How do life insurance companies classify you as a smoker and can it affect your coverage?

Putting down the smokes is not only better for your health, it can save you money when buying a policy.

When watching shows like Mad Men, lighting up a cigarette may seem glamorous and cool, but it’s pretty common knowledge that smoking is extremely bad for your health. So it’s no wonder when applying for life insurance one of the first questions people are asked is “do you smoke”? The reason behind it is life insurance companies look at age and overall health to determine how much coverage a buyer needs and what their monthly costs will be. Essentially, if you’re a smoker, companies understand that this unhealthy habit has an impact on your life expectancy. 

Some people have moved past cigarettes and have taken up other forms of oral fixations, like vaping or marijuana. The latter has recently been the subject of much debate, specifically due to track star Sha’Carri Richardson. Richardson failed a drug test by testing positive for THC, which disqualified her from participating in the upcoming Olympics in Tokyo. So it’s safe to say there are a lot of different ways to ingest smoke as well as who insurance companies view as smokers. If all this seems confusing fret not. We have some tips and resources to help you understand what qualifies as smoking, how to kick the craving or, at the very least, know your options.

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How do life insurance companies categorize smokers?

A lot of us strive to have healthy habits, from doing regular exercise to eating our fruits and veggies. But even if you follow a routine of clean eating and daily yoga, smoking might negate those patterns since it still puts you at higher risk for diseases like cancer and emphysema. Also, it’s just plain expensive since a pack of cigarettes averages at about $7 a box (and that’s on the low end). And then you have to add on higher life insurance plan costs. Talk about holy smokes.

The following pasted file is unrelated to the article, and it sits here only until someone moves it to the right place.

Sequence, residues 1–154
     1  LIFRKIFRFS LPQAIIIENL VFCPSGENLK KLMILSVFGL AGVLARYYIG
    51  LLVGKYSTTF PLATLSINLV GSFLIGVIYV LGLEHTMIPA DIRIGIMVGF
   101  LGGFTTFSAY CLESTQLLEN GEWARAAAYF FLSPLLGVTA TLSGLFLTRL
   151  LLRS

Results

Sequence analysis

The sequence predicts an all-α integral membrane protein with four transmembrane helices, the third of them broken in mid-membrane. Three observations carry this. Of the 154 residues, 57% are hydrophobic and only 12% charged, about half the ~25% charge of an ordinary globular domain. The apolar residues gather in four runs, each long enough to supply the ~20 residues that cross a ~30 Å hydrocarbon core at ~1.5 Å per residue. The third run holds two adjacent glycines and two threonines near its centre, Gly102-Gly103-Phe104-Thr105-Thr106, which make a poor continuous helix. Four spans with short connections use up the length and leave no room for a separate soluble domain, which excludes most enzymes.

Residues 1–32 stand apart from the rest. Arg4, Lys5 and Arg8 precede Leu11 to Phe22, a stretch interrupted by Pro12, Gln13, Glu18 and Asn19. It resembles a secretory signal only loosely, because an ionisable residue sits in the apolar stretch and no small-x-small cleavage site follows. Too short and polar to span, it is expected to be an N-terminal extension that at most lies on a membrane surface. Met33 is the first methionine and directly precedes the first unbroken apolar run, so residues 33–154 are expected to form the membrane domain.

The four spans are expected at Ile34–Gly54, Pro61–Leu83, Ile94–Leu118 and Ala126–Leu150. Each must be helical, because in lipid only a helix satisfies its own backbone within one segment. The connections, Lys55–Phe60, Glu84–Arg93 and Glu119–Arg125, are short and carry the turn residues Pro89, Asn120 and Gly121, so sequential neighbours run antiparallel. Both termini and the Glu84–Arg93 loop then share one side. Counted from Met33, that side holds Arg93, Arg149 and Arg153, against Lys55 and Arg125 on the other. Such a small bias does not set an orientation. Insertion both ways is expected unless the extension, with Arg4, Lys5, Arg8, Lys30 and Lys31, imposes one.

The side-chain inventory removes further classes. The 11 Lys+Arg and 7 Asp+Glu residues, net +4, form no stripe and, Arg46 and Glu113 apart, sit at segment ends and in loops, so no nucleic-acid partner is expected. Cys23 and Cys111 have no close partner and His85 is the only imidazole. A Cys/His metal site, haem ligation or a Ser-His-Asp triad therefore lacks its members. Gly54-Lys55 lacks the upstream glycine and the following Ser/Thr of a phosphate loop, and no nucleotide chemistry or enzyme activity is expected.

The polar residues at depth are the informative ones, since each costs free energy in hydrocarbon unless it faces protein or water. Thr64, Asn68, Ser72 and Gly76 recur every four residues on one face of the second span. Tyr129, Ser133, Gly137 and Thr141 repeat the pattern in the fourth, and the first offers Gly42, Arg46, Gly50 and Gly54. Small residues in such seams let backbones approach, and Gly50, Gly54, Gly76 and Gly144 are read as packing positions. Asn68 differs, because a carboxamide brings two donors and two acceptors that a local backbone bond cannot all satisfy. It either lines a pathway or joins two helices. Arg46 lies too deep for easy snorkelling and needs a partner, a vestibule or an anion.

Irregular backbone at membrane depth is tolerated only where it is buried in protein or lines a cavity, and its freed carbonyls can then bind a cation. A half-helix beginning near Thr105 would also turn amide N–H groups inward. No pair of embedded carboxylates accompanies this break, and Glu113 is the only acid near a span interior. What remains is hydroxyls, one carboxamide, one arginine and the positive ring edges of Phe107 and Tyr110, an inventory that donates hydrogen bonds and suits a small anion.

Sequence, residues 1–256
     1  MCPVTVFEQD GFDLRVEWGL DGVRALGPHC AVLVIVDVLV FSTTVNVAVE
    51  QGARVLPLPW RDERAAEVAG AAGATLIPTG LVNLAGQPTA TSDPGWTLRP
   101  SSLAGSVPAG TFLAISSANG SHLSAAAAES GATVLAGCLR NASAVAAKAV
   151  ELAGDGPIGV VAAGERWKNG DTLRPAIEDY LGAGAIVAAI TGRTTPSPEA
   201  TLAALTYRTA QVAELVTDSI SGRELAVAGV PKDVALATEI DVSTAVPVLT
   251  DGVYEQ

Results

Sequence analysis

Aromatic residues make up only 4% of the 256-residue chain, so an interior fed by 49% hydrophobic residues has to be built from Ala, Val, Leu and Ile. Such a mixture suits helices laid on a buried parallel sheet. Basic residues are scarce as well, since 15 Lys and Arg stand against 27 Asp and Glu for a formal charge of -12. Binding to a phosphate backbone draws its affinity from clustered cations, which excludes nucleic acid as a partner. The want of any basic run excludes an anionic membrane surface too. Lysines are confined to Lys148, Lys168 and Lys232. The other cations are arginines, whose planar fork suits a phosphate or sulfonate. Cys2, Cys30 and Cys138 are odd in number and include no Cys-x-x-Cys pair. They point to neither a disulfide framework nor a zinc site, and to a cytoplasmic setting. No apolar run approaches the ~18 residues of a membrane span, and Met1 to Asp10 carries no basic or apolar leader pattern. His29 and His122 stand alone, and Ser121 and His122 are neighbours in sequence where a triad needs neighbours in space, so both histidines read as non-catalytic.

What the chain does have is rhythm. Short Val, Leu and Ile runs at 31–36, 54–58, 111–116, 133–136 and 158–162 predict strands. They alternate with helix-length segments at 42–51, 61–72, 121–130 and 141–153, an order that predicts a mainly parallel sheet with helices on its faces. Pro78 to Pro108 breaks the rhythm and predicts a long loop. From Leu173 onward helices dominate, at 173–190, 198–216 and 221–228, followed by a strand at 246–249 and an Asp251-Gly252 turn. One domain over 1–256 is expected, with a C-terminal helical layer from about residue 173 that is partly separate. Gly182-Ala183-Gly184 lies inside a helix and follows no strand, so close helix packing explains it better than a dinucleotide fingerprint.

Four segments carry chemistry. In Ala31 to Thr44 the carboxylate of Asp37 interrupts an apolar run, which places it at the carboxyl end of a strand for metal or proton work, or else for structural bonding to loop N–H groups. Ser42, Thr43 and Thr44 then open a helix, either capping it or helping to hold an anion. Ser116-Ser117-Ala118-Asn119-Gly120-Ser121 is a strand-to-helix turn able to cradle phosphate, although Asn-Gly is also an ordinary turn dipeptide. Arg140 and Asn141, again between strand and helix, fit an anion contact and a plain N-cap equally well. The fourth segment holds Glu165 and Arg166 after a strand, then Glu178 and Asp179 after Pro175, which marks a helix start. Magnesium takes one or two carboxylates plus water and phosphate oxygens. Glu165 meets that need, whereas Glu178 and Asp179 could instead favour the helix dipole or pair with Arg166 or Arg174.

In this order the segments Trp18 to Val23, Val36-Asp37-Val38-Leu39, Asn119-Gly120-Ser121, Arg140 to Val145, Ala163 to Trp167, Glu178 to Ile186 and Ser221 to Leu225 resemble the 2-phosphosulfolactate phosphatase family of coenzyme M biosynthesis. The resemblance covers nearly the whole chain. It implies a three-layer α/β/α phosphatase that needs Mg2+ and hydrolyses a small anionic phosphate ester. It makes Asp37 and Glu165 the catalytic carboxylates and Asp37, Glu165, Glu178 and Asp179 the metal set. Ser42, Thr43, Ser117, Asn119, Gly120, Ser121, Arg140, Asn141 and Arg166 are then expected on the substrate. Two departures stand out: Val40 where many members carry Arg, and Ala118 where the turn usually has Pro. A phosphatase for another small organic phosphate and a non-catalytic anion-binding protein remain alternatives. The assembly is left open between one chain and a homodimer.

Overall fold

You might be thinking “ok, but what if I smoke weed or enjoy an occasional cigar? Certainly it isn’t as bad as smoking a pack a day?” Well, sorry to burst your bubble, but as far as the insurance companies go, marijuana, vaping (and others) do qualify as smoking or ingesting tobacco and nicotine. 

Marijuana

As of April 2021, recreational cannabis use has been legalized in 17 states. How often you smoke marijuana can determine how high (or low) your premiums are. Sporadic use can still keep you in the low premium group, but this also depends on each individual company policy.

Historically, life insurance companies have been conservative on weed smokers but, as it becomes more and more legalized, they’re able to adjust rates that make sense for infrequent marijuana users. It’s also important to note they view medical marijuana use differently than recreational use. If it’s smoked to treat pain or another condition, they will ask for details to determine what kind of coverage they’d offer.

Vaping devices and electronic cigarettes

While you might think that vaping or using e-ciggies is better than smoking cigarettes, there is no conclusive evidence that they are better for your lungs. Plus, the metal and liquids inside the devices could also be potentially harmful to you. Without this info, most life insurance companies treat them as they would smoking in general ie: your premium cost would be much higher than a non-vape or e-cigarette user because of the risks associated with smokers.